At the very least, the successor attorney should have access to:

    • locations of financial accounts, account numbers, passwords for online access;

    • insurance carrier(s) information;

    • directions for accessing computer software; and

    • information about monthly bills.

    It is also recommended that the attorney and successor attorney annually discuss the succession plan, perform a dry run to ensure the plan sufficiently addresses common questions, and that interested parties are aware of the arrangement in order to avoid confusion or disagreement regarding the succession plan.

    Don’t Miss CLE Sessions ‘Practical Considerations for Transitions’ Parts I and II

    Co-produced by State Bar of Wisconsin PINNACLE® and the State Bar Senior Lawyers Division, these two on demand, one-hour CLE seminars can help you in transitioning your practice:

    Rule: Selling a Law Firm and the Prohibition of Practice

    The most common mistake in selling a law firm typically occurs after the sale of the firm when the selling lawyer or law firm learns about the prohibition of practice rule.

    SCR 20:1.17(a) requires that the, “seller ceases to engage in the private practice of law, or in the area of practice that has been sold, in the geographic area or in the jurisdiction in which the practice has been conducted.”

    Attorneys who are aware of the prohibition of practice rule after the sale of a law firm will typically negotiate a merger that does not fall under the provisions of SCR 20:1.17.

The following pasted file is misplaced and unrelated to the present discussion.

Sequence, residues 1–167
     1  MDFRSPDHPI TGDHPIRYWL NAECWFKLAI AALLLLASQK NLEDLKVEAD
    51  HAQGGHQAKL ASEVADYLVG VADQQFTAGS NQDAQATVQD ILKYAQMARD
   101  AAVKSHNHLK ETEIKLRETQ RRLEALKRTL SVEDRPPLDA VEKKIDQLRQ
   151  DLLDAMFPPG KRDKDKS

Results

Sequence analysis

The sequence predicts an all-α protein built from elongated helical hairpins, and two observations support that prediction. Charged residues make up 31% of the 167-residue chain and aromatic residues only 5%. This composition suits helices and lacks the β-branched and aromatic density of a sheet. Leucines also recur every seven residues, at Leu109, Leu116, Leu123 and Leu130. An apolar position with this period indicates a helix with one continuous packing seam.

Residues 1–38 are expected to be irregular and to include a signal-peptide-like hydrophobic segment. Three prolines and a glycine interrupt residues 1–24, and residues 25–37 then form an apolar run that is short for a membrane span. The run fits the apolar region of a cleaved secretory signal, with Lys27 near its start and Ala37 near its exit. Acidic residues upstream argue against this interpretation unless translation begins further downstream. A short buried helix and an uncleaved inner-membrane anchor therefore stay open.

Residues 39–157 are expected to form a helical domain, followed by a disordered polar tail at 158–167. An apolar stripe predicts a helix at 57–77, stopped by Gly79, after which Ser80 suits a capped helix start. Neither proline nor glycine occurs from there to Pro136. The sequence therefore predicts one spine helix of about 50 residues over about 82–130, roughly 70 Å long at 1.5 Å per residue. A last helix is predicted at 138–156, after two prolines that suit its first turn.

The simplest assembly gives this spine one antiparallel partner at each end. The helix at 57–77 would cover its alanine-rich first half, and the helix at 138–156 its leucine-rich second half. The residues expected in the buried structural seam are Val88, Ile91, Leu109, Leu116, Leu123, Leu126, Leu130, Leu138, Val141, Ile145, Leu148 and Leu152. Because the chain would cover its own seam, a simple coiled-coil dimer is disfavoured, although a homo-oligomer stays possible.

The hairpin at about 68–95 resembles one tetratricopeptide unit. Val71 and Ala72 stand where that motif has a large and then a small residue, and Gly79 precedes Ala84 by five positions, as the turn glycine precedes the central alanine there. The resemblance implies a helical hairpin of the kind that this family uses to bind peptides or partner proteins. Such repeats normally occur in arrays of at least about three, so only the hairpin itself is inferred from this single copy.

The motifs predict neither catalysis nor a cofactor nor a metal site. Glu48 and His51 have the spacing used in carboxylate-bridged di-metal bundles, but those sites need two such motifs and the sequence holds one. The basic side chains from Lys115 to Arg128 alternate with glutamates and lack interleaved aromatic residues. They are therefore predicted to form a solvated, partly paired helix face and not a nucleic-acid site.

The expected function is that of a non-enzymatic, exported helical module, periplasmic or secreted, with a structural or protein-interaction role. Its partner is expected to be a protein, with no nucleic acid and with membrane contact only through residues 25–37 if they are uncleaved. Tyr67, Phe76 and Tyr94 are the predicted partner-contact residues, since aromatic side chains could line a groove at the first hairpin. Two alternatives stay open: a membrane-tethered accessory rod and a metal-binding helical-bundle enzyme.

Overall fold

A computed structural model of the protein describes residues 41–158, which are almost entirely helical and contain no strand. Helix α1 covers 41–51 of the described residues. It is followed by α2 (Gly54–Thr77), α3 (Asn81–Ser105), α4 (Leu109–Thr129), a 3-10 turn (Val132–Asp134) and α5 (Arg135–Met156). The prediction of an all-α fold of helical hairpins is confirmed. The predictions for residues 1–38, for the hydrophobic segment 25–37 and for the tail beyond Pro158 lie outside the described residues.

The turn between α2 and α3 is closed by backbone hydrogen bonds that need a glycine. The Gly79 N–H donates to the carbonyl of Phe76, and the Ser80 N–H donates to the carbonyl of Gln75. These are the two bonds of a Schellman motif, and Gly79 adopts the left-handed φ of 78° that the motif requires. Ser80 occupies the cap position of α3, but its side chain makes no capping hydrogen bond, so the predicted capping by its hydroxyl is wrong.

Purchasers and sellers of firms must also understand that the client retains the right to terminate the firm if they are not pleased with the newly formed law firm, as explained in Paragraph [9] of the ABA Comment to the rule.

    Rule: Communication

    The communication rule found in SCR 20:1.4 requires an attorney to keep the client updated on matters that may impact the representation. Attorneys planning on transitioning from practice should have communications with their clients regarding timelines, expectations, and the opportunities for the client in moving forward. Finally, transitioning lawyers must understand and communicate scenarios that will involve fee sharing.2

    Conclusion: Where to Find Resources

    If you do not have a succession plan in place or have not reviewed your succession plan within the last year, consider using the cited complimentary resources and Supreme Court Rules to craft your law firm’s succession plan.

    If you have additional questions, complimentary and confidential ethics and practice management consultations are available to you as a State Bar member.

    Get Transitioning Tips from Wisconsin Solo & Small Firm Conference

    Wisconsin Solo & Small Firm Conference 2021 logo

    Learn more about transitioning your practice at the 2021 Wisconsin Solo & Small Firm Conference (WSSFC), Oct. 28-30. Look for these sessions:

    • Legal Malpractice Coverage for Lawyers in Transition – Thursday, Oct. 28 at 3:10 p.m.
      Attorneys frequently change jobs and career paths multiple times after graduating from law school. This program will help lawyers understand and protect against any potential uncovered legal malpractice exposure when making a transition in their practice.

    • Building a Business for Transition – Friday, Oct. 29 at 10 a.m.
      This session helps you assess your business needs to withstand transitions without chaos ensuing. Whether your business transitions through succession, merger, or separation, you’ll be prepared for a smoother process.

    Endnotes

    1 See How to Use the New Law Practice Succession Planning Registry, InsideTrack, Mar. 21, 2018.

    2 See Wisconsin Formal Ethics Opinion EF-10-02: Ethical Responsibility of Lawyers When Referral Fees are Received.